World Orthopaedic Leaders Learn to Fly

In conjunction with the 2017 AAOS Annual Meeting in San Diego, the presidents of seven orthopaedic associations—all members of the Carousel group—and their spouses had the opportunity to test their flying skills in military flight simulators at the Marine Corps Air Station (MCAS) Miramar. The Carousel group includes the presidents of orthopaedic associations from the United States (AAOS, American Orthopaedic Association), Canada, United Kingdom, South Africa, Australia, and New Zealand who meet at each association's annual meeting to share problems, exchange solutions, and, occasionally, have fun.

The trip to MCAS Miramar was more than an opportunity for these orthopaedic leaders to interact with active-duty military Marines, Navy orthopaedic surgeons, and base staff. While there, Carousel members also "flew" four types of aircraft, met with the commanding general, and toured the air station.

The event was organized by the authors and hosted by commanding general of the 3rd Marine Aircraft Wing, MajGen Mark Wise, USMC, and the commanding officer of Marine Fighter Attack Squadron 314, LtCol Dustin Byrum, USMC.

The seven presidents and their spouses spent the day exchanging orthopaedic stories with pilots and aircrew while flying in four flight simulators, including the CH-53E Super Stallion helicopter, the MV-22 Osprey tilt rotor, and the F/A-18 Hornet jet aircraft. They also tested their marksmanship with a simulated .50-caliber machine gun in the Marine Common Aircrew Trainer in CH-53E mode.

According to David D. Teuscher, MD, past president of the AAOS and a former US Army flight surgeon, "During our annual conferences, the host country generally provides a local opportunity unique to that country." The offer to visit MCAS Miramar provided a showcase for displaying "what we as a military do worldwide." The base tour enabled civilian orthopaedic surgeons from around the globe to see and, hopefully, better understand some of the demands of military operations. Specifically, this event provided insight into Marine Corps operations and the service members who carry them out. But it also underscored the importance of the AAOS motto—"keeping the world in motion through the prevention and treatment of musculoskeletal conditions"—to maintain a healthy fighting force.


From left: AAOS Past President David D. Teuscher, MD; Maj Gen Mark Wise, commanding general of the 3rd Marine Aircraft Wing; Richard Keddell, MD, president of the New Zealand Orthopaedic Association, and Wendy Keddell.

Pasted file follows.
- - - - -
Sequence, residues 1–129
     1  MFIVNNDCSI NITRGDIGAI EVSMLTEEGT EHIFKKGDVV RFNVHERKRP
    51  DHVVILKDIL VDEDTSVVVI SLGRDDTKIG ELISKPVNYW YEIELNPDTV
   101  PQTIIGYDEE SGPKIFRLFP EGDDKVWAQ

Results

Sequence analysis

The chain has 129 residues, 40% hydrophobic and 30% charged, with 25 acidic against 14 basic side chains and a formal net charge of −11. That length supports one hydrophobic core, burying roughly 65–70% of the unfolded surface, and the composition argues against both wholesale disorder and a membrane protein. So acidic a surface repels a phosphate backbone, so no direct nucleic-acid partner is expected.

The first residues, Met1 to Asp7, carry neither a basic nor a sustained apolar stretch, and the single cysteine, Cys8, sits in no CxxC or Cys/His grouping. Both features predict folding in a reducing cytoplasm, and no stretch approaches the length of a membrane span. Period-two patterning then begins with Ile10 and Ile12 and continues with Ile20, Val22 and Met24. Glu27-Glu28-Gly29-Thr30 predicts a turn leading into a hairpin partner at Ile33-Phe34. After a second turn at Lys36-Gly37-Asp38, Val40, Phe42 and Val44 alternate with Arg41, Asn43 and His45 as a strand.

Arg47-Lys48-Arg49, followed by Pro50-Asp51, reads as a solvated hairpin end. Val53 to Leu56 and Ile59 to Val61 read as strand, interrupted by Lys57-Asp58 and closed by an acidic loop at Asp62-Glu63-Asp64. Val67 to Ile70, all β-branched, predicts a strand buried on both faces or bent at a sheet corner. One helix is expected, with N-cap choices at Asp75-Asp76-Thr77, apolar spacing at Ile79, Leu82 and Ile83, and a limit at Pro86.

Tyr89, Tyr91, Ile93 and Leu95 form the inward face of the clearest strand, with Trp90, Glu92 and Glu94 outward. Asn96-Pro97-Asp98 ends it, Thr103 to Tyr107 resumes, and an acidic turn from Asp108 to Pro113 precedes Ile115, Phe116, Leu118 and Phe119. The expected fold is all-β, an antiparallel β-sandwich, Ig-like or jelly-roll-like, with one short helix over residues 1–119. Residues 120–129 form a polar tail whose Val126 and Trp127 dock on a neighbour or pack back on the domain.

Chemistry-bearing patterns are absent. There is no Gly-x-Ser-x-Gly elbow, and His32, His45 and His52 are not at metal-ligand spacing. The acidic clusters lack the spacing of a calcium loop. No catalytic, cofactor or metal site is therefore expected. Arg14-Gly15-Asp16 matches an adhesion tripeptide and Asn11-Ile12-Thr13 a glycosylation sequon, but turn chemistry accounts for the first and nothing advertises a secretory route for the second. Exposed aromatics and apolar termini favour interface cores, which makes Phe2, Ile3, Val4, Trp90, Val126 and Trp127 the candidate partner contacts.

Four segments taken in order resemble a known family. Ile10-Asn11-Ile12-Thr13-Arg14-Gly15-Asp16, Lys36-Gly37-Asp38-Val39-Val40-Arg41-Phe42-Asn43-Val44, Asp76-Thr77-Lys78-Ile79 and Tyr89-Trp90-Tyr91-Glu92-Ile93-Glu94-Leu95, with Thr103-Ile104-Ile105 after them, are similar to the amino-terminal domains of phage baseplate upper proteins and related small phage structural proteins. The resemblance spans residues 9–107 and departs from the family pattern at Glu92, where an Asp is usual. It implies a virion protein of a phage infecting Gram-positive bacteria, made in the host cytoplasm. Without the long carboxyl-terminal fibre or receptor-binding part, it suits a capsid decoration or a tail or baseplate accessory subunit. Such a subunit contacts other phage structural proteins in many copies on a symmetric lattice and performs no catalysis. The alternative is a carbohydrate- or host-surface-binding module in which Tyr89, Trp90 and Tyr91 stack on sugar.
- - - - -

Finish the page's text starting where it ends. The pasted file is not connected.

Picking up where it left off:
Courtesy of Sgt David Bickel, USMC

In his presentation, Dr. Teuscher discussed the five AAOS core values—excellence, leadership, professionalism, collegiality, and lifelong learning. "Excellence is something you do every day, not just every once in a while," he told the group, noting that "the pathway to leadership is active followship" and "everyone in the unit should strive to be a leader.

"Professionalism means you put others in front of your own needs," noted Dr. Teuscher, using the example of getting a 2 a.m. call from the emergency department. "When it comes, you get up and go to work."

He pointed out that collegiality can be broken into unity and diversity, both of which are needed to treat each other with mutual respect. Finally, he challenged the Marines to continue lifelong learning. "If all you are is what you graduated with from basic training, then you are not going to be a very good Marine. You have to constantly be striving to learn more—not just about your specialty but also about those around you."


Karen van Zyl, wife of Adriaan van Zyl, MD, president of the South African Orthopaedic Association, celebrates with her flight instructor, LtCol Dustin Byrum, after successfully flying her F/A-18 under the Coronado Bridge.
Courtesy of Sgt David Bickel, USMC

The event concluded with lunch at the MCAS Miramar Officers' Club, where guests explored the historic space and recounted scenes from the 1986 movie, Top Gun, which was filmed at the base. The event was a great success, helping to foster previously developed relationships among military and civilian orthopaedic communities around the globe.

The views expressed in this publication are those of the authors and do not necessarily reflect the official policy or position of the Department of the Navy, Department of Defense, or the United States government.

LCDR L.S. McDonald, MC USN, Department of Orthopaedic Surgery, Naval Medical Center, San Diego. He can be reached at lucas.s.mcdonald@gmail.com

Sgt D. Bickel, USMC, Marine Corps Air Station Miramar/3rd Marine Aircraft Wing. He can be reached at david.bickel@usmc.mil

CAPT M.T. Provencher, MC USNR, The Steadman Clinic, Vail, Colo. He can be reached at mprovencher@thesteadmanclinic.com

LCDR J.R. Bailey, MC, USN, Department of Orthopaedic Surgery Naval Medical Center San Diego. He can be reached at jamesbailey98@gmail.com

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